Shadow Ball

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There are very few things about which baseball fans can ever agree. We argue over who has the best uniforms , the merits of the DH rule and even which condiments to put on your hot dog at the ball park. (My opinions in order :Chicago Cubs home whites with blue socks, yes to the DH, and traditional yellow mustard). One of the things that makes following sports great is the debates that come from our passion. I’ve always believed that if you don’t feel strongly enough about something to argue for it, you must not really care that much.

With that being said, one thing that cannot be disputed is the impact Jackie Robinson had on baseball and society as a whole. The story of Jack Roosevelt Robinson has been told and romanticized to the point that we have a blockbuster movie about the man as well as dozens of biographies and tribute pieces. And while his impact is undeniable, what really fascinates me are his peers. The other black players who helped to break the color barrier, and those who never got a chance to show us what they could do.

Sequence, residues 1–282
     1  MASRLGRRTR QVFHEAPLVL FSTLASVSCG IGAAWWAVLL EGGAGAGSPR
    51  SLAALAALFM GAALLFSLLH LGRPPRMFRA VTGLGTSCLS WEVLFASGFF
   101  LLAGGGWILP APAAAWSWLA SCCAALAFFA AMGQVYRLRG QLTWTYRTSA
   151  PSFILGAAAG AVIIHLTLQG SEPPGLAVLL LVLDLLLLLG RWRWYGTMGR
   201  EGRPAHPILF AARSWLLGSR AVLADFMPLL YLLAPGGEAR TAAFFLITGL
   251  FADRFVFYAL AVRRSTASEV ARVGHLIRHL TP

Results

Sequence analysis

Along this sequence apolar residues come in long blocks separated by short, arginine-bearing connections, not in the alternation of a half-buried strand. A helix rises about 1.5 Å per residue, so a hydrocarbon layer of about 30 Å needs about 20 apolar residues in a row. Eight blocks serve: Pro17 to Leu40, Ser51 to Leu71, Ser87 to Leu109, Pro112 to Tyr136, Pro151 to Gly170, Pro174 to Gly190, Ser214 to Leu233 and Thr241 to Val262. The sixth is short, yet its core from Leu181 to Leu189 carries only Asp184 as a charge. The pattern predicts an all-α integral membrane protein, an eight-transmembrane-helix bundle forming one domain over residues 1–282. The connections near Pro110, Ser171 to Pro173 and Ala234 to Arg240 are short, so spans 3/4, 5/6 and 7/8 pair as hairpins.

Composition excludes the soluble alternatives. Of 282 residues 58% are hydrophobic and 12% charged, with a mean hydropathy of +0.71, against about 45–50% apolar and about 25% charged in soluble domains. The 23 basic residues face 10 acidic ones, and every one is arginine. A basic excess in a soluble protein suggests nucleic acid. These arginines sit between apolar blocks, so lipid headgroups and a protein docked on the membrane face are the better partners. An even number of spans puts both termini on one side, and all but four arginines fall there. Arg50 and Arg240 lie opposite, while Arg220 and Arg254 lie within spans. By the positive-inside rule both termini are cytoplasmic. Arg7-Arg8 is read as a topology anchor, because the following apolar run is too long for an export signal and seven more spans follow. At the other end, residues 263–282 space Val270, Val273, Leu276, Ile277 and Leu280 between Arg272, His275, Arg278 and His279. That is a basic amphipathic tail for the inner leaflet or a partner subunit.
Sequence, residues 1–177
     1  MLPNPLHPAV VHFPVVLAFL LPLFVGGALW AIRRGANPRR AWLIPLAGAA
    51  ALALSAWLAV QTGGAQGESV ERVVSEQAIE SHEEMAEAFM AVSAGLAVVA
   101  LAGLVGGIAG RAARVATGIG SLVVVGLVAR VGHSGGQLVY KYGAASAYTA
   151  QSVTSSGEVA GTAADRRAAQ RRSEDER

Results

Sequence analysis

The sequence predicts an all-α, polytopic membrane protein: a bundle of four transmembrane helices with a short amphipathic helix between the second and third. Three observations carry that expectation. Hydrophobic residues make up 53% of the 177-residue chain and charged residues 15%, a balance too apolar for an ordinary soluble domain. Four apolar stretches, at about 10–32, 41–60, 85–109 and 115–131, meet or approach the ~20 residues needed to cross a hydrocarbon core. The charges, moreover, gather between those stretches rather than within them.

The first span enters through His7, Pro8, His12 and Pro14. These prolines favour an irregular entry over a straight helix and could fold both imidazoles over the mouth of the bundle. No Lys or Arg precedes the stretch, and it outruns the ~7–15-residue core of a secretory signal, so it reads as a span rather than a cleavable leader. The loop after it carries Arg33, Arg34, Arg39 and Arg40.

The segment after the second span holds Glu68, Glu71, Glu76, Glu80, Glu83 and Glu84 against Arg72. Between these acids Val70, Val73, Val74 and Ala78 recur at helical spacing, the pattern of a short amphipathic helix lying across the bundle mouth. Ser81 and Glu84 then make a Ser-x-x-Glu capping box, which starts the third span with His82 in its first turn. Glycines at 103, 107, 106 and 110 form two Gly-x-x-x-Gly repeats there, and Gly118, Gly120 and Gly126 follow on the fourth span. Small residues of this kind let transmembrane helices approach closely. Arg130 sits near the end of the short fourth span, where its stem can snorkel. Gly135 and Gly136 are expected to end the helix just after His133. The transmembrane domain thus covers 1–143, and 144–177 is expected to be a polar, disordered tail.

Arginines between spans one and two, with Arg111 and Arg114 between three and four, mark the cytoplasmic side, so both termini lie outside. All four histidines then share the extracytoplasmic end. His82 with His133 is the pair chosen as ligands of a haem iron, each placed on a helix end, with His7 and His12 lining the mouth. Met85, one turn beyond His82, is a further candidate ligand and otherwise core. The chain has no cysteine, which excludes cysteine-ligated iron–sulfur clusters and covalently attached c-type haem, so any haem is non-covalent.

Jackie Robinson famously broke the color barrier on April 15, 1947, but what often goes unnoticed is the debut of his American League counterpart: Larry Doby. While Robinson was fighting racism in the National League parks, Doby was encountering identical treatment while playing for the Cleveland Indians. Prior to his first game action, he was snubbed in the handshake line by most of the players, including 4 of his teammates, and was left to warm up alone before one his teammates broke the ice and starting throwing with him. He had racial slurs hurled at him, was spiked, beaned and even had tobacco juice spit on him during games. While Jackie was a polished college graduate, groomed by Branch Rickey to break the color barrier, Doby never got the chance to finish school and was forced to grow up under fire. One advantage Doby had was his relative youth: while Robinson was unfortunately nearing the end of his prime, Doby made his premiere during his age 23 season and played his first full year in 1948 during his age 24 season. In his second year in the league, he helped lead the Tribe to a World Series title and then proceeded to rip off a 7 year stretch in which he made the All Star team every year and led the league in home runs twice. As was the case with many black players from that era, all the years of terrible buses and 20 hour drives caught up with him and he tailed off to the end of his career in 1959. After the end of his Major League playing career, he traveled to Japan as a member of a delegation for the U.S. State Department and played a season in the Nippon Professional Baseball League. After his retirement, he worked as a minor league instructor, hitting coach and winter ball Manager until 1978 when he was named manager of the Chicago White Sox, becoming the 2nd black manager in MLB history. While his managerial run was short-lived (as he was a terrible manager), his name once again would go down as the 2nd to do something historically significant. Regarding Doby, The New York Times wrote, “In glorifying those who are first, the second is often forgotten … Larry Doby integrated all those American League ball parks where Jackie Robinson never appeared. And he did it with class and clout.” While Jackie Robinson definitely deserves everything that said about him, Larry Doby deserves no less praise for all he contributed.